The 1965 war was out of frustration for which wrong assumptions were made. On the verge of losing Kashmir, India opened international borders which were totally un-protected. Lahore, Sialkot was saved by the bravery of Junior officers while the high command was clueless. In the seventies Bhutto proposed the idea of porous borders and joint supervision mechanism while the Kashmiris were allowed to govern themselves for a period of ten years. The great statesmen Atal Bihari Vajpayee wanted to settle the dispute through dialogue. He travelled to Lahore as a part of Bus Diplomacy. His famous words were: ہم جنگ نہ ہونے دیں گے (we will avoid war at all costs).

Then Musharraf proposed the four confidence building measures that included: Demilitarisation; No change of borders; Self-governance; Joint Supervision Mechanism. He then travelled to Agra to negotiate peace with Vajpayee. Successful parleys were held but the peace agreement could not be signed.

By invoking article 370 the accession has been converted into annexation. Several options still exist. While Vajpayee was a statesman Modi is a bully and their approaches differ. There may yet be a solution to a 70-year-old conflict. Both war and peace can be tried as under:-

  1. Kashmiri leadership declares independence and forms a Government in exile and declares war with the help of the Jihadists. Pakistan Army is deployed on fortified borders to avoid surprise attacks as were experienced in 1965. This is the route taken by the East Pakistan separatists Mukti Bahini in 1971. The occupying Indian Forces in the valley can be made to surrender in a similar manner as did Tiger Niazi.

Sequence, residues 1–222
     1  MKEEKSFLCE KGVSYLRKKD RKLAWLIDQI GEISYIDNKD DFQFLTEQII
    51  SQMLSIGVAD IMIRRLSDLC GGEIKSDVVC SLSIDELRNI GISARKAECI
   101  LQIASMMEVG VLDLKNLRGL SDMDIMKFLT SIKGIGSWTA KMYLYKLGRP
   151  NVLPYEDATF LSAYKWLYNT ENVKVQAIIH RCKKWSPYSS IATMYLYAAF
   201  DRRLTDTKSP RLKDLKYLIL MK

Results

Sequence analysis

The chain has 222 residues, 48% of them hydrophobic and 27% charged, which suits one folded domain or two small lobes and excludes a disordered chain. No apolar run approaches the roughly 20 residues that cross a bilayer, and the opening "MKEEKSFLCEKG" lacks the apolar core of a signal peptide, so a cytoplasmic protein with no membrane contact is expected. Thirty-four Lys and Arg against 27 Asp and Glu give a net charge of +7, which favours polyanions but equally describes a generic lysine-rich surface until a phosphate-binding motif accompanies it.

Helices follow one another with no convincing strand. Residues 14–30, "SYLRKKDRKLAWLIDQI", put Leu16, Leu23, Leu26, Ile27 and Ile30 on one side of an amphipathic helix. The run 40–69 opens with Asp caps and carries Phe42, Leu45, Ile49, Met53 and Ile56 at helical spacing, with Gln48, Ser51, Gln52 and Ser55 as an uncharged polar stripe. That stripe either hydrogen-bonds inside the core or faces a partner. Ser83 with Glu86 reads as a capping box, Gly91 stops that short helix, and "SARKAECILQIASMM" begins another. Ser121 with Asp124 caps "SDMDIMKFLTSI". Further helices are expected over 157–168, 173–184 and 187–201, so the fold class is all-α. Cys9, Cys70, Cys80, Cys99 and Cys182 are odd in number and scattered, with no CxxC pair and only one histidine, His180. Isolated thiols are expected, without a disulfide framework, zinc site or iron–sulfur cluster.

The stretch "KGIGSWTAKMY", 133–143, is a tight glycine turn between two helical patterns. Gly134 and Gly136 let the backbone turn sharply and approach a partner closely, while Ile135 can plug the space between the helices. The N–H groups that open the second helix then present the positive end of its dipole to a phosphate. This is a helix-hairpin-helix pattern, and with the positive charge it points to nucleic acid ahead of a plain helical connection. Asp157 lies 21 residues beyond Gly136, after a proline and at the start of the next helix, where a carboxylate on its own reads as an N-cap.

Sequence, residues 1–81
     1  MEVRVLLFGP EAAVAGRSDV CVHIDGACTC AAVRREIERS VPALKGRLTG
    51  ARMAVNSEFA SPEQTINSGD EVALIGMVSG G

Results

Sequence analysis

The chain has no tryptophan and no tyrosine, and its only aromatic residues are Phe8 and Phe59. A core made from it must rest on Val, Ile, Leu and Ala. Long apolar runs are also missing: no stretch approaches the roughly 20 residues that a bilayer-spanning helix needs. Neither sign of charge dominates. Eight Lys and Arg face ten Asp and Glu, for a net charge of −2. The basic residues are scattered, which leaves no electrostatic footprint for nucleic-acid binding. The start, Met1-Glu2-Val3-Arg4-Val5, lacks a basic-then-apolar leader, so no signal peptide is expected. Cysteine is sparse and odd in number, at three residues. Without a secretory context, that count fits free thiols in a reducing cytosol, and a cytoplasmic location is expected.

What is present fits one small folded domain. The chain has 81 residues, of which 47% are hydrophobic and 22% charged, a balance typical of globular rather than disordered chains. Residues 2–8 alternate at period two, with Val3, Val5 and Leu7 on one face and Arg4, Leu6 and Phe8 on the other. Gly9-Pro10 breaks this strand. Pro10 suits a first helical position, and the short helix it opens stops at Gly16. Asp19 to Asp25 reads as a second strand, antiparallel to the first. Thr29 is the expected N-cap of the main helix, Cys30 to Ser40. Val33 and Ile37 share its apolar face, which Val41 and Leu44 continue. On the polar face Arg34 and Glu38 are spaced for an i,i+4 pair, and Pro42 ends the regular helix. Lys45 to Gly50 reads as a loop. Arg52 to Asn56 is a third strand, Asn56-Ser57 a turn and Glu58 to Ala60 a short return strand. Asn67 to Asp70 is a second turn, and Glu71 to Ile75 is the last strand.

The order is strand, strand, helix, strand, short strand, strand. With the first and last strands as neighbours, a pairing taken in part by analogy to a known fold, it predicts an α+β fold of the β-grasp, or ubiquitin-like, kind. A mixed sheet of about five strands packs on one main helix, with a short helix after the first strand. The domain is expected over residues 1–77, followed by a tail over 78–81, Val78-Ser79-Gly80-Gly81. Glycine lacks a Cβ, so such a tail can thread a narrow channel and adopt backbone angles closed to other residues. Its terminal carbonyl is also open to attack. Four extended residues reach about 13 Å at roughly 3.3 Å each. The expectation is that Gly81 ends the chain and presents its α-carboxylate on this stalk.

2. The Agra Agreement could be revisited and peace restored after demilitarisation.
  3. The Bhutto approach of porous borders with autonomy can also be tried.
  4. The Chenab Formula calls for division of the state. Jammu and Ladakh stay with India, Gilgit-Baltistan with Pakistan and rest of the valley becomes autonomous with porous borders.
  5. Division of the state on the basis of religion: The new line can be drawn connecting Akhnoor, Ramnagar and Bhaderwah, while Ladakh can be given a choice to go either way. Muslim or Hindu.

‘It is time to settle Kashmir’, this was the title of my article published in The Nation on July 13, 2001 on the eve of Musharraf’s visit to Agra. In 1965 the war was started in frustration. Now that Modi has played his last card, a resolution might be attainable. I remain optimistic that finally we the Kashmiris may win freedom in our lifetime. We should give peace a chance, before Jihad-e-Azadi for Kashmir becomes inevitable resulting in loss of human life and material.